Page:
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7

If it were a steel frame and fork there would be no question -- steel lasts nearly forever, even when moderately rusty, and can take all sorts of abuse. Aluminum is a bit less robust, but if it only has "a few thousand" miles on it (and not 30,000) and has not been abused (or hit by a car) then it should be good. The problem with aluminum is that it can ...


7

That is purely marketing. It's a common ploy with components, but I've never seen it on an entire frame until now. Aluminum and carbon can be used in conjunction effectively, but not in this case. The carbon wrap on that bike is basically veneer. While Schwinn was once upon a time a well respected brand, they suffered a major fall from grace after going ...


7

This is actually a matter of the force multiplication that each chainring provides, and the size/mass of each chainring. Force difference Let's propose, only for a moment that you had a chainring as big that the radius of it is almost the same as the crank length. If the rider stood to pedal while using that chainring (and using simple platform pedals). ...


6

I ride aluminum frames almost exclusively and have had no problem with them. The welds are what tend to break first on most bike you hear these horror stories about, but this can happen with any sort of weld (though some forms of welding are more effective than others), so if a bike seems to be too good of a deal to have an aluminum frame, make sure to ...


5

Good question! There are a couple important reasons for the differing materials: Wear: Steel lasts longer than aluminum, plain and simple. So why not use steel on all the rings? The larger rings have ramps on the sides that facilitate shifting and cannot be flipped as the ring wears. The granny ring can, therefore it can last a lot longer. Flexion/Bending: ...


5

Do you know the history of the bicycle (crashed, etc)? While bicycle geometry\components\preferences have changed over the last 12 years, the life span of well cared for aluminum frame and carbon fork are much longer. Clean the frame and fork and give it a thorough examination. Look for: Major dents in the frame that may compromise the integrity (minor ...


5

How much unusual stress are you talking about? The weight of the bike all on one leg of the fork? Or the weight of a really large person leaning back against the fork? If it's just the weight of the bike leaning "wrong" on the fork, I wouldn't worry about it. That fork leg is built to handle a lot more stress than that in normal riding. If it's worrying ...


5

For the carbon fiber to be of any use structurally, it has have multiple layers. If it says it is wrapped around the aluminum, my bet it is for show only so it gives the appearance of being an expensive frame when it is clearly not. There is no way that a composite of the two will be very light without being very weak if it were compared to a full Carbon ...


5

You'll definitely need to remove all components. For threaded bits you have two choices - leave junk bolts in there that will get powdercoated over and then carefully remove them (leaving a bit of an edge around the bolt hole) or let them get masked but almost certainly somewhat powdercoated into and use a tap and die set to chase them before reassembly. ...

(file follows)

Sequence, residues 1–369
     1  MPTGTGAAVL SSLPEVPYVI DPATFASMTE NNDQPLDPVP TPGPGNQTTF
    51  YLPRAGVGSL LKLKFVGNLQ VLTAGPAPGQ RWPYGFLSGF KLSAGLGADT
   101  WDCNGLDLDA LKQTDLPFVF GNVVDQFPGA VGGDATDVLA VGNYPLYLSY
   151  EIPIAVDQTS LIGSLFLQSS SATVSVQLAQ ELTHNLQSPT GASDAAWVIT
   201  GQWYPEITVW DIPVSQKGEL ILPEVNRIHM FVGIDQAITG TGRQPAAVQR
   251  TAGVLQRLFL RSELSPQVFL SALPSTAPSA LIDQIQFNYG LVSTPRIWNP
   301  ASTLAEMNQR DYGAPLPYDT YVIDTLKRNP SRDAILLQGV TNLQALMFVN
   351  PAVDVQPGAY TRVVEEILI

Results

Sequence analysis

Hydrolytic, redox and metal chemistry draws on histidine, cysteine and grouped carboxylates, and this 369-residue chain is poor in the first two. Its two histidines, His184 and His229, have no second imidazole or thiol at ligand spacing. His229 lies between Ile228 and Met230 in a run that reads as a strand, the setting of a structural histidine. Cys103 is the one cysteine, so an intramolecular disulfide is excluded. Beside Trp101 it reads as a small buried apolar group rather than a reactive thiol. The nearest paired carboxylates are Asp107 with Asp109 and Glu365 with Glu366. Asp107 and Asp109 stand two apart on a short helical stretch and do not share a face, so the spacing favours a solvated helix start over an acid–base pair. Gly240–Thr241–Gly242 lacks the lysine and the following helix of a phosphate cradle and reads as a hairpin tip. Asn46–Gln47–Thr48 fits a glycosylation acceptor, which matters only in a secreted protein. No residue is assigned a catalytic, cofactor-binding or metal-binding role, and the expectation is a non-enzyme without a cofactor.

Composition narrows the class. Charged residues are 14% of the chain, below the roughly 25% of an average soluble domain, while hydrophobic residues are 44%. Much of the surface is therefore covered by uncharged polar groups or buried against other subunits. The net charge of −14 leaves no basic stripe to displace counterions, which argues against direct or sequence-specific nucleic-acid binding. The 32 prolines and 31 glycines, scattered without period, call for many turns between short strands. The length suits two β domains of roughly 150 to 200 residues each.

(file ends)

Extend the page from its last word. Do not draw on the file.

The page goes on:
5

I am posting this as an answer but it is more of a long comment. The information I have is from the place I trust to do carbon repairs. According to Hot Tubes aluminum and the carbon resin react. The aluminum must be sealed to get a good bond. The materials are not your hardware grade epoxy. If we were talking about a fishing rod or something that would not ...


4

Yep, "raw" aluminum develops a layer of corrosion fairly rapidly. Thankfully, unlike with iron/steel, the corrosion is "tight" and eventually develops to a thickness where additional corrosion is prevented (in normal circumstances). The corrosion can be prevented by either coating the aluminum with a lacquer-like coating or "anodizing" it. Anodizing is a ...


4

Never use a hammer. In order to check the inside of the frame, visual inspection most times FAIL, because the problem is caused by tiny bumps or misalignments that are not easily seen with naked eye and even felt with fingertips. I would recommend that you take another seatpost (an old one you can take/borrow on a local bike shop) and try to insert more ...


4

2 things: While many older forks used replaceable steerer tubes, the steerer tube is still specifically shaped for that fork. Tubing will not do it. You need an oem replacement steerer tube. Nobody makes forks like that anymore, hence the lack of google results. Also, that steerer tube in the photo looks to be steel, and should not be replaced with ...


4

To identify a frame firstly see if a magnet sticks, if it does it's steel, if not it's carbon, aluminium alloy or titanium alloy. If not steel look down the seat tube if it's metallic inside it could be aliminium or titanium if black and plastic looking, carbon. Tap the frame with a screw driver, aluminium and titanium will have a definite metallic 'tink' ...


3

Mainly, due to "lever arm" issues, far more force is applied to the teeth of the smallest ring, and they need to be the strongest. This is exacerbated by the fact that the force is spread over fewer teeth. For #2 I'd list weight -- with the small ring using aluminum would save very little weight.